26 Flowchart – The chain dog Factor The Wildcat can operate. Has the chain dog been changed? No Has someone inspected the changes? A maintenance worker must inspect the changes. No Yes Is the chain log at the proper height? Fix the height of the chain dog and inspect again. The Wildcat can operate properly. No Yes

27 Line Drawing-- Maintenance Line Drawing-- Maintenance Negative Paradigm Positive Paradigm Documentation hinders the performance of each car. Proper documentation exists and the roller coaster is acceptable. P 1. Every time The Wildcat breaks down, it is documented. 2. Operating procedure are followed for the most part. 3. Operators havent been trained at all. 4. Changes made to the car dont need to be written down. 5. Proper part replacements should be followed

28 Ethics Problem Solving: Whiteshell Air Service Ltd. Airplane Engine Failure Theresa J Moehle IE 491 April 22, 2005

29 Accident Summary: Airplane departed Lac du Bonnet, Manitoba without incident Airplane departed Lac du Bonnet, Manitoba without incident After plane was leveled in air, large backfire heard and loss of engine power After plane was leveled in air, large backfire heard and loss of engine power Pilot landed plane in swampy area with minor and severe injuries to passengers Pilot landed plane in swampy area with minor and severe injuries to passengers

30 Casual Factors Incorrect installation of airplane parts Incorrect installation of airplane parts Cylinder push rod tubeCylinder push rod tube Valve adjustment screw protrusion beyond limitsValve adjustment screw protrusion beyond limits Caused damage to valve train – exhaust valve would not open overtimeCaused damage to valve train – exhaust valve would not open overtime Failure to properly inspect airplane Failure to properly inspect airplane Field Barometric Power Reference CheckField Barometric Power Reference Check Valve clearance checks on 400-hr scheduleValve clearance checks on 400-hr schedule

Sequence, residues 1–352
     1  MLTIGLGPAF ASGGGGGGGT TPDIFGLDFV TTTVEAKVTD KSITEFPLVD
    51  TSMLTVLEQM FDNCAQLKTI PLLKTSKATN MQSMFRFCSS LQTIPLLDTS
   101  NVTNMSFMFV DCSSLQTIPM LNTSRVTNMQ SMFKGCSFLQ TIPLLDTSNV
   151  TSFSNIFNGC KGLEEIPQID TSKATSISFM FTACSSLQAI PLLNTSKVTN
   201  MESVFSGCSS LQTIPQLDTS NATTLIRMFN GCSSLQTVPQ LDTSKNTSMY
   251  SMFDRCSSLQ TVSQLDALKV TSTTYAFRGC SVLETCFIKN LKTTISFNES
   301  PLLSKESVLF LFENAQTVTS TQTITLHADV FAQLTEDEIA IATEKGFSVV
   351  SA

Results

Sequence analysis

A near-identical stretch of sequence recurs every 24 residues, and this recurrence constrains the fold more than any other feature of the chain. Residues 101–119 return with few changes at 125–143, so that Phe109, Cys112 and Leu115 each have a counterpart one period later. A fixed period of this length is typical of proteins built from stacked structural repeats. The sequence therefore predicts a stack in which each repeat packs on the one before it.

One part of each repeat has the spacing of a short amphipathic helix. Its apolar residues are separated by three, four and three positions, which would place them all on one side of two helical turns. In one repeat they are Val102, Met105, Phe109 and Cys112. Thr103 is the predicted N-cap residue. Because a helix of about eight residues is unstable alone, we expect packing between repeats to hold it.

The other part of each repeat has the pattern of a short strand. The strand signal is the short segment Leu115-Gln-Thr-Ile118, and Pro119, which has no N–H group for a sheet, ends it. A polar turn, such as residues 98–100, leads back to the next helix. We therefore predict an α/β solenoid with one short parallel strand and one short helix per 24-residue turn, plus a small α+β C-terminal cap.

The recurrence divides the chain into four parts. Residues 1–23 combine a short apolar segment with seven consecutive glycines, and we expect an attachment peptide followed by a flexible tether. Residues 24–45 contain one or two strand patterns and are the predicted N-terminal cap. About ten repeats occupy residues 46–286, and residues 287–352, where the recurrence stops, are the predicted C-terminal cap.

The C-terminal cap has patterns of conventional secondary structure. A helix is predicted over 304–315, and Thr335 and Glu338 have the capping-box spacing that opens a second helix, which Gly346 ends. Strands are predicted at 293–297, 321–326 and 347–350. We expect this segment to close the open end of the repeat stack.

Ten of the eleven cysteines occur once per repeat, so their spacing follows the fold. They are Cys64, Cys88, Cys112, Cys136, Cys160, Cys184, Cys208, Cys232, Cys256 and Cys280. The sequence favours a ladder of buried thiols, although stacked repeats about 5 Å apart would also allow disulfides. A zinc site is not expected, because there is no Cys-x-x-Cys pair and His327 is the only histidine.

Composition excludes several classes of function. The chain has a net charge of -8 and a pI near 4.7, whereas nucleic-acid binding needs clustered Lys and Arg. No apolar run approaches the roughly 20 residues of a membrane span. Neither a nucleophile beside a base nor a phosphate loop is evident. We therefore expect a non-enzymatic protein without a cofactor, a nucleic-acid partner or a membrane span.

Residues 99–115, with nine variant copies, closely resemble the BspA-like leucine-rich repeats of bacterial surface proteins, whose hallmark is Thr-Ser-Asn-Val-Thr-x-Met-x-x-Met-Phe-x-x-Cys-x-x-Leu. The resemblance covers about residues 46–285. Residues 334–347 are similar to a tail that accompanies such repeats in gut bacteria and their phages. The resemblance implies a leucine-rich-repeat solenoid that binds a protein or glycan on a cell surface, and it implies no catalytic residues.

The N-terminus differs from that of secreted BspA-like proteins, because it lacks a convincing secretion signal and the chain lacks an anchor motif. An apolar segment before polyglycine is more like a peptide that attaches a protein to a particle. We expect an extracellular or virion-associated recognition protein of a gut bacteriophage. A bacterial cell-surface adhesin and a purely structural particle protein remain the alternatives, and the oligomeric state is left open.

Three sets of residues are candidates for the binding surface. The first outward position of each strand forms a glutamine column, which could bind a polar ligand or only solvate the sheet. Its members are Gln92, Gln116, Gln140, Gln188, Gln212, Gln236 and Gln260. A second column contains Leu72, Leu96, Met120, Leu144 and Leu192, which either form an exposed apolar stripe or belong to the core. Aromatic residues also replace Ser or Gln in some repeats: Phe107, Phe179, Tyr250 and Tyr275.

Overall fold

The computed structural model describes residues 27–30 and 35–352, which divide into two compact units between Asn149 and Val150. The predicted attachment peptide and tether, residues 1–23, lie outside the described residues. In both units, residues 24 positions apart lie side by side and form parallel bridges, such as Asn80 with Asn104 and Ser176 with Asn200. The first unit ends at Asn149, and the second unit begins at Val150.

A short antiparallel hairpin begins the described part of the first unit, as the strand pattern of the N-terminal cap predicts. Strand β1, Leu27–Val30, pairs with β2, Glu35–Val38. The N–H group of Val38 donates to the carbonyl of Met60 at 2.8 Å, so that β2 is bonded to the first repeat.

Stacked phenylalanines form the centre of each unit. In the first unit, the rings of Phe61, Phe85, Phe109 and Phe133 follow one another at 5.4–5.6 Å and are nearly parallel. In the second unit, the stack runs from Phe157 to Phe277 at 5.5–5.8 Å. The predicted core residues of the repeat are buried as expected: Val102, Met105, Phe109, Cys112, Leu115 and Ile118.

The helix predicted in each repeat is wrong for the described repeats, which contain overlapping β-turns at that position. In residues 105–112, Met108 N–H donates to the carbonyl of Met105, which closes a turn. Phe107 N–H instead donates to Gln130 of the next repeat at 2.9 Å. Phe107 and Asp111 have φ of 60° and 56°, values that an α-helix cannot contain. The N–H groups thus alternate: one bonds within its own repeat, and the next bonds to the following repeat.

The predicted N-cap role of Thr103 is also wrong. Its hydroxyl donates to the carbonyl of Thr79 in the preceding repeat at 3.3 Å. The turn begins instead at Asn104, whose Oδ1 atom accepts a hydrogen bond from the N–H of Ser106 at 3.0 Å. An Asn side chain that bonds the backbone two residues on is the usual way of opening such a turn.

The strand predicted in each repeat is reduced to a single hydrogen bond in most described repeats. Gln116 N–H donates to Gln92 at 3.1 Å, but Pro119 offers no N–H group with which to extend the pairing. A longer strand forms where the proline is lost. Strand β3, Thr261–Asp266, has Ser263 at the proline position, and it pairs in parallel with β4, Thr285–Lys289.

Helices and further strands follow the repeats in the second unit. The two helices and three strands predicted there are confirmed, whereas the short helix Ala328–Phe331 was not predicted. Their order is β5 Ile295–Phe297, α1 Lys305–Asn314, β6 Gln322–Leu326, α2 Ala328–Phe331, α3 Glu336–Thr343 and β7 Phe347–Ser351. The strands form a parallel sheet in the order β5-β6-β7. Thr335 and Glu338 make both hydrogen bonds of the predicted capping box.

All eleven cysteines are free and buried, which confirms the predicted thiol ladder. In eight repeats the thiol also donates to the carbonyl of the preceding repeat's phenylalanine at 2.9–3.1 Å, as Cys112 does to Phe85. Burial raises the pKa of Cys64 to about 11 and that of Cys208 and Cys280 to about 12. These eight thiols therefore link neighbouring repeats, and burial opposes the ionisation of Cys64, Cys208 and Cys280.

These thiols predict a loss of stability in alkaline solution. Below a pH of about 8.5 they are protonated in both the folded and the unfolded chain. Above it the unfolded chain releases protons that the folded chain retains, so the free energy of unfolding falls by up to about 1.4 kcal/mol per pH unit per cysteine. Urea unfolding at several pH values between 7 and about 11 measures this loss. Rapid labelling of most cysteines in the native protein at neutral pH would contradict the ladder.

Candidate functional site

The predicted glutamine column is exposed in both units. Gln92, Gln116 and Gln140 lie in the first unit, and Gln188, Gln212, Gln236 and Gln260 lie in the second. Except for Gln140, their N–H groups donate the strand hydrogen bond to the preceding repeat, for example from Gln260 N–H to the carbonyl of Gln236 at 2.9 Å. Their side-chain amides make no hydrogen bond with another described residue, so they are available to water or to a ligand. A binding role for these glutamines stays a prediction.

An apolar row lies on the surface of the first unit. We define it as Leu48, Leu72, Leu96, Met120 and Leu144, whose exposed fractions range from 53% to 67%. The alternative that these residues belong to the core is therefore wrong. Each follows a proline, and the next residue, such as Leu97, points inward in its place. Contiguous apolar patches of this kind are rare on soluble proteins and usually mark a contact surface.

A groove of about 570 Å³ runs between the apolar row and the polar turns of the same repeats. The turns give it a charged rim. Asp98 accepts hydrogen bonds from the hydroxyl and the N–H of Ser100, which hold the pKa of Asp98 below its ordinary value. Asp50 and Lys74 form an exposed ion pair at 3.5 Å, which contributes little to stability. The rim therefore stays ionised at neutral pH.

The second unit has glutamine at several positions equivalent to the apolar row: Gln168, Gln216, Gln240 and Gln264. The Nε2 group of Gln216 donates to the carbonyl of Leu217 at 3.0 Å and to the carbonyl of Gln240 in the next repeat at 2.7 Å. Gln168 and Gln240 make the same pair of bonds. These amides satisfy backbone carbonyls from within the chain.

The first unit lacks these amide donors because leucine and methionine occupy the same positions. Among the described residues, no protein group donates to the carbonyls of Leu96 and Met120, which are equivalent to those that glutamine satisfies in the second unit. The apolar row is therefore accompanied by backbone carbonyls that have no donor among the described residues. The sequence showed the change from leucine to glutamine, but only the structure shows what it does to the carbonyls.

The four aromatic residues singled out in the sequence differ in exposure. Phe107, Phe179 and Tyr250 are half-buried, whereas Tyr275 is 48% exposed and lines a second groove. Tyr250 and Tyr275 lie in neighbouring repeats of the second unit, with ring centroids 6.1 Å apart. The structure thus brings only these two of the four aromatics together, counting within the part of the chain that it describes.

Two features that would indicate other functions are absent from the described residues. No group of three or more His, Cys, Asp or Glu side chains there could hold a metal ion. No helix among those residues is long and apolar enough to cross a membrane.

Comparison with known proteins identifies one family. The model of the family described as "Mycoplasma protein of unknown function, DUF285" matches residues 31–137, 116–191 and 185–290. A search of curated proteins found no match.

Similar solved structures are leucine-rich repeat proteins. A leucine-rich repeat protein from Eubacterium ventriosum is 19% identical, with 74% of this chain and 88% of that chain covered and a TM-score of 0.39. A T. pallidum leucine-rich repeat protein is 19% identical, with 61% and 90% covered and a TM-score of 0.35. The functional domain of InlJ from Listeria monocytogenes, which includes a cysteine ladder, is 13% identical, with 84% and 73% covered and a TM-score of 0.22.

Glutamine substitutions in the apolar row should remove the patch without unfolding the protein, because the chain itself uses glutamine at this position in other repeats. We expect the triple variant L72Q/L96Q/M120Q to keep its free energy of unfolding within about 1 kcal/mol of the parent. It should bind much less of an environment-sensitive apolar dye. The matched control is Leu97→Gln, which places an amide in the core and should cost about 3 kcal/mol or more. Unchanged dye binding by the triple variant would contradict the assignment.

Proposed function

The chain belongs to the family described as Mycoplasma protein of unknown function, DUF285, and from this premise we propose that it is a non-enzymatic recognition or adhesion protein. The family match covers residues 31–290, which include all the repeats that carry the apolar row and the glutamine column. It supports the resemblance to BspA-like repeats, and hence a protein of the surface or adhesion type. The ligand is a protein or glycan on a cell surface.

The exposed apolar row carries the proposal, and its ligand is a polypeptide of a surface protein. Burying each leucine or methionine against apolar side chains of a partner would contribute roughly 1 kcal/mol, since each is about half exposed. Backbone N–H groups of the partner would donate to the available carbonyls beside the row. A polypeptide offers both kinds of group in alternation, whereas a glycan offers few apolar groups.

31 Line Drawing: Incorrect Installation of Parts NPPP Airplane parts are installed incorrectly causing immediate, fatal damage Airplane parts are installed correctly 1.Parts are installed incorrectly, but corrected immediately 2.Parts are installed incorrectly, and cause minor damage overtime 3.Parts are installed incorrectly, but cause no damage overtime 123P

32 Flow Chart: Failure to Properly Inspect Plane Should plane be inspected? Have parts been replaced? No Yes Inspect plane before flying Had last Check within 400 hrs? Yes Inspect plane before flying Has pilot noticed Irregular Sounds? Inspection is not needed Inspect plane before flying No Yes

33 Assignment Work in groups to – Choose one problem/accident and it to me to get my permission before you start – sources of info on original class Schedule and Syllabus document. Earliest date and time will decide who get problem if more that one group asks for it. Choose one problem/accident and it to me to get my permission before you start – sources of info on original class Schedule and Syllabus document. Earliest date and time will decide who get problem if more that one group asks for it. Analyze problem/accident using both techniques shown today. Analyze problem/accident using both techniques shown today. Present your analysis in class using PPT. Present your analysis in class using PPT. Send me one copy of your electronic file via . Send me one copy of your electronic file via .

34 Assignment - continued Dates: April 14 th, 21 st, 28 th in class Dates: April 14 th, 21 st, 28 th in class All reports due April 14 th : one written report and accompanying PowerPoint slides per group – paper and electronic copies to me; supporting material such as diagrams or photos are useful All reports due April 14 th : one written report and accompanying PowerPoint slides per group – paper and electronic copies to me; supporting material such as diagrams or photos are useful Presentation order announced April 14 th Presentation order announced April 14 th 12 minutes per group, 4 minutes per person 12 minutes per group, 4 minutes per person

35 Groups Group 1: Anipindi, Awad, Bednowitz Group 2: Brown, Chandra, Chang Group 3: Cheng, Chung, Davis Group 4: Devendorf, Dooling, Frank Group 5: Henchey, Hyde, Indraputra Group 6: Jackson, Luo, Lyke Group 7: Markin, Mohd Yusof, Myers Group 8: Pedicone, Piecuch, Prok Group 9: Snyder, Stange, Stovers Group 10: Szalkowski, Willis, Worthy

36 The End Questions??